• “Students were ‘stringing beads on a garland’ rather than drawing conclusions or exploring critical responses, strengths, and weaknesses.”
  • “[Students] didn’t seem to know how to read and understand the studies they were reviewing. In describing studies, students would say, for example, ‘The results were not significant.’ ”
  • “The literature reviews didn’t highlight themes, offered very little framing, rendered no apparent logic, and involved tremendous redundancy.” (WEC Ratings Reports from Summer 2016)

Cognitive research on writing from sources and synthesis underscores these comments. The crux of the challenge for many students is moving beyond “knowledge telling” – listing or reproducing the language, concepts, and organization of sources – and engaging in “knowledge restructuring” – interpreting and generating relationships among sources (Segev-Miller).

Beyond Bead Stringing

As earlier tips have suggested, making explicit the intellectual moves and strategies that have become tacit for experts is immensely beneficial to students. This principle applies to reading as well. Instructors can support students in the crucial shift from knowledge telling to knowledge restructuring by providing explicit guidance with reading. Here are three reading-oriented tips that support synthesis and the writing of literature reviews:

1. Tell Them What to Read For

While literature reviews are assigned across the university, their purposes are shaped by disciplinary and/or professional interests. Three common, yet distinct, purposes for literature reviews are

  1. identifying or establishing a controversy;
  2. providing a current state of the field or art; and
  3. exposing a gap in knowledge (Bean 243-44).

Although related, each of these purposes requires students to select and read sources with different motives. Explicitly guiding students to read for controversies, best practices, knowledge gaps, or some other purpose can provide a stronger writing framework for the literature review.

Example

An instructor in Psychology assigns a literature review that requires students to identify a gap in knowledge. The instructor provides two articles related to the study of sleep deprivation on cognitive function and requires at least three additional articles selected by the students. To guide and motivate students’ reading, the instructor poses the search for knowledge gaps as a vital step in developing a grant proposal to fund further research (Bean 244).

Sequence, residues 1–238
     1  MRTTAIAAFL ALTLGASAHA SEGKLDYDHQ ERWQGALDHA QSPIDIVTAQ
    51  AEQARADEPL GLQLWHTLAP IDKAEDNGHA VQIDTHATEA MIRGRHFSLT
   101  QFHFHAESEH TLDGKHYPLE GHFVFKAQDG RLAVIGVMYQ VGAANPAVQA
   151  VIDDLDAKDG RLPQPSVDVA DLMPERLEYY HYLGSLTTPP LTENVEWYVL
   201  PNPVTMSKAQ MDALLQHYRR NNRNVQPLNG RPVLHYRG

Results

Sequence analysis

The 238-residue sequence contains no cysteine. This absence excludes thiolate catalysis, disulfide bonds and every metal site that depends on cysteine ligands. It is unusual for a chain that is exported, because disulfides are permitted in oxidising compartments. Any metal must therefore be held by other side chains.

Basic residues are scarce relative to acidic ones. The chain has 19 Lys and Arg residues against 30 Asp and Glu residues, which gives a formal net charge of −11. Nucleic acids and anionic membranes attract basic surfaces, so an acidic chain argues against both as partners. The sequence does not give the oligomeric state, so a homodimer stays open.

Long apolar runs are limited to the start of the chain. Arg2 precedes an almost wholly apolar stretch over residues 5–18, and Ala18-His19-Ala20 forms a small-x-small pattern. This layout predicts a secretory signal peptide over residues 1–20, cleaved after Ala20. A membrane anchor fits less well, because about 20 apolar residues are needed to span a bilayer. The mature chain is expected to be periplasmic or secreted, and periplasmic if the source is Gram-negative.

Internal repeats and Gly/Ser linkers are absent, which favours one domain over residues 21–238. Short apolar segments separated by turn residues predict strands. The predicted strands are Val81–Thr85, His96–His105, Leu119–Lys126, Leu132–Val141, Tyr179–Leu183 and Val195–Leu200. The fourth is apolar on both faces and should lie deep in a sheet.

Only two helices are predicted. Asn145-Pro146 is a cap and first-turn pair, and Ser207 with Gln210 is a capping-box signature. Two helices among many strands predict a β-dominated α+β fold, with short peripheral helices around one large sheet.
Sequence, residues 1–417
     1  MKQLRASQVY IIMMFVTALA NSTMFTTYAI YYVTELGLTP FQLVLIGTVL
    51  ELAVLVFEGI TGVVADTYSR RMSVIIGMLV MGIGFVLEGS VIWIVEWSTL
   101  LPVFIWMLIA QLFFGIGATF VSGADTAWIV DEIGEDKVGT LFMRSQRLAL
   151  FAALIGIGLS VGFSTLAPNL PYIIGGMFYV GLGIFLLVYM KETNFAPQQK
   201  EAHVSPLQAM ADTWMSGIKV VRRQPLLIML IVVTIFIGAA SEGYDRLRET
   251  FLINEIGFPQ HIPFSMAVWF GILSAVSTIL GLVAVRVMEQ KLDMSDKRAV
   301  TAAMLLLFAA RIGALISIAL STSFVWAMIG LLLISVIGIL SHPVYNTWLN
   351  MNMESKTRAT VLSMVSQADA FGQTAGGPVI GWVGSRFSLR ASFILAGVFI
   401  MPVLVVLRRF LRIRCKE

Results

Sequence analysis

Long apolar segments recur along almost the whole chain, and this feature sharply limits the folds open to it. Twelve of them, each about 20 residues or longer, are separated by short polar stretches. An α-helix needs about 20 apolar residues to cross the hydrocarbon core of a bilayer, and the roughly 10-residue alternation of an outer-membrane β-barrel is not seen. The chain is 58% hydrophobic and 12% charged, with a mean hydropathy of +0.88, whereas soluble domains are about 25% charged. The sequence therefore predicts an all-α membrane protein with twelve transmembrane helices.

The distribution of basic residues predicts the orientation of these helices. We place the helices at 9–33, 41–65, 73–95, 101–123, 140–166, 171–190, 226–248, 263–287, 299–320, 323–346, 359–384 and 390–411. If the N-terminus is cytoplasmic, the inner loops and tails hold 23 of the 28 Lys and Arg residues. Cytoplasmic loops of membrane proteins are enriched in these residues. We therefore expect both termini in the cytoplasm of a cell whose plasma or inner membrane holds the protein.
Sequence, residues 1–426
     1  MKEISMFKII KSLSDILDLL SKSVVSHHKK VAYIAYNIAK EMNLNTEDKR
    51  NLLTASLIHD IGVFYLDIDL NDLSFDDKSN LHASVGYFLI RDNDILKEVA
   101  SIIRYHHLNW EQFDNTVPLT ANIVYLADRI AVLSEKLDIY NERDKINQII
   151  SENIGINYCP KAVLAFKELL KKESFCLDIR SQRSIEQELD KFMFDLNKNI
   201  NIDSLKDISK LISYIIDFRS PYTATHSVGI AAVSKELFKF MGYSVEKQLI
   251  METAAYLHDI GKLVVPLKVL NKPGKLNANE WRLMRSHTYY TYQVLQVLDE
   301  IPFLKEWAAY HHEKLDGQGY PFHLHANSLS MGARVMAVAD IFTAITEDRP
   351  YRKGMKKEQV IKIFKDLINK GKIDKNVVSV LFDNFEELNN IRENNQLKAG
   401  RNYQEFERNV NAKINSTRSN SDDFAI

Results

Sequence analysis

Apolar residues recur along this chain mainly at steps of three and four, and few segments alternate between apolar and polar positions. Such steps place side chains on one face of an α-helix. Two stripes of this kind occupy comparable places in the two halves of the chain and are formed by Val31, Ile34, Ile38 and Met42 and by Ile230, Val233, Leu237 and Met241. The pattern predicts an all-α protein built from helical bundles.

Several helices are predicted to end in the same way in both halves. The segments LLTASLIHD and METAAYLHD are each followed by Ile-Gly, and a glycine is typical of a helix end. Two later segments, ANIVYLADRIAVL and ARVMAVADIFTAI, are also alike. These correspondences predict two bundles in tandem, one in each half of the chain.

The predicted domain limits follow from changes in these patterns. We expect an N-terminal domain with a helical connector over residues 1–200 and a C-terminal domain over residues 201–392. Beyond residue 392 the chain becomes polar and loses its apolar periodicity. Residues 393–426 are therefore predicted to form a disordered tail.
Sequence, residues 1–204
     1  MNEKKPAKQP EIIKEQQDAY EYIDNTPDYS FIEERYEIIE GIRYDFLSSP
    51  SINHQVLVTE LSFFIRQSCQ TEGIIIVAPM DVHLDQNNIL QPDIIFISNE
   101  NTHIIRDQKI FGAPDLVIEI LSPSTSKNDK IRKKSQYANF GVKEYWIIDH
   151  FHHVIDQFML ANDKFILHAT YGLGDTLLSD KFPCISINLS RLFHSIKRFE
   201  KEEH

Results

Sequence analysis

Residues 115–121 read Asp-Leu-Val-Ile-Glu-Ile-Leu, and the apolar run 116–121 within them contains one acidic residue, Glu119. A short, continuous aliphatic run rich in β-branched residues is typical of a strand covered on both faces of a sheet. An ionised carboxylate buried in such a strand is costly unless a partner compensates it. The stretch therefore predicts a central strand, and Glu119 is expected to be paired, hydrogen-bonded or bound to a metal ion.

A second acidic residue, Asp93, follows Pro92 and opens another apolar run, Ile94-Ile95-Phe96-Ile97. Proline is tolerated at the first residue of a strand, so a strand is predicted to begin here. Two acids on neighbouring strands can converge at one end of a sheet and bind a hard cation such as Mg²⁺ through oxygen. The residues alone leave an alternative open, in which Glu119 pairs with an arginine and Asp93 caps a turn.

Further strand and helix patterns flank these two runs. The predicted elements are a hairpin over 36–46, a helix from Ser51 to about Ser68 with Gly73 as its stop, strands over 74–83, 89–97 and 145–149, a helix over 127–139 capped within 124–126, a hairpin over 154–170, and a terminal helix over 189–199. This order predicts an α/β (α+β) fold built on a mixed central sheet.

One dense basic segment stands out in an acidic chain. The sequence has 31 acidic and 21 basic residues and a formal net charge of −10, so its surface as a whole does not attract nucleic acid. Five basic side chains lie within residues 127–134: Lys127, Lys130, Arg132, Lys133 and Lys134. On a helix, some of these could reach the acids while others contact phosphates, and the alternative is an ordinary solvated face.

2. Break Synthesis into Sequenced Moves

For an effective synthesis, students must accomplish a number of cognitively demanding tasks. They must identify appropriate sources, delete redundant information, substitute a series of related ideas for a general one, and construct a unifying proposition that links sources (Kintsch and van Dijk, cited in Segev-Miller). Scaffolding and practicing activities that align with these steps can help students build toward more complex synthesis.

Example

An Assistant Professor in the Department of Soil, Water, and Climate assigns brief in-class and online activities that build toward a clear understanding of synthesis.

Activity 1: Eliminate redundant information in a sample passage to create a succinct summary.

Activity 2: Rewrite a sample passage so that it’s a better synthesis of the ideas presented. Write 1 – 2 sentences describing what you think is problematic about the synthesis in the paragraph.

Activity 3: Share revised paragraphs with the class. We will vote on the best revision and create a list of our own criteria of what makes a good synthesis.

3. Process Readings Visually

As research shows, many students lack experience with intertextual reading – explaining how one text’s meaning both shapes and is shaped by other texts (Segev-Miller 2007). Encouraging students to create graphs, maps, or diagrams as they read is useful for visualizing a working outline of source relationships, and it can also promote the restructuring of those relationships, which is at the core of literature review.

Example

John Carlis, Professor of Computer Science and Engineering, encourages students to create spreadsheets to diagram the relationship of sources when preparing literature reviews. The cell values in the spreadsheet are effective in identifying how various readings (listed in rows) use related terms and concepts (listed in column headings). The denser the matrices, Carlis maintains, the richer the literature reviews.

Resources

Adler-Kassner, Linda, & Estrem, Heidi. “Reading Practices in the Writing Classroom.” WPA: Writing Program Administration, 31 (1 – 2), 2007, 35 – 47

Bean, John. Engaging Ideas: The Professor’s Guide to Integrating Writing, Critical Thinking an d Active Learning in the Classroom. (2nd ed.) San Francisco: Jossey-Bass, 2009.

Carlis, John. “Thinking about Literature Review/Related Work Diagrams.” Handout, University of Minnesota, 2014.

Gottschalk, Katherine and Keith Hjortshoj. The Elements of Teaching Writing: A Resource for Instructors in all Disciplines. New York: Bedford/ St. Martin’s, 2003.

Langer, Judith A. and Sheila Flihan. “Writing and Reading Relationships: Constructive Tasks.” Eds. Indrisano, Roselmina, and James R. Squire. Perspectives on Writing: Research, Theory, and Practice.

Segev-Miller, Rachel. “Cognitive Processes in Discourse Synthesis: The Case of Intertextual Processing Strategies.” M. Torrance, L. van Waes & D. Galbraith, eds. Writing and Cognition. Amsterdam: Elsevier, 2007.

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See the Teaching with Writing resource pages on the Center for Writing website for teaching resources, including sample assignments and syllabi. Each semester, the Teaching with Writing series offers free workshops and discussions, and phone, email, or face-to-face teaching with writing consultations.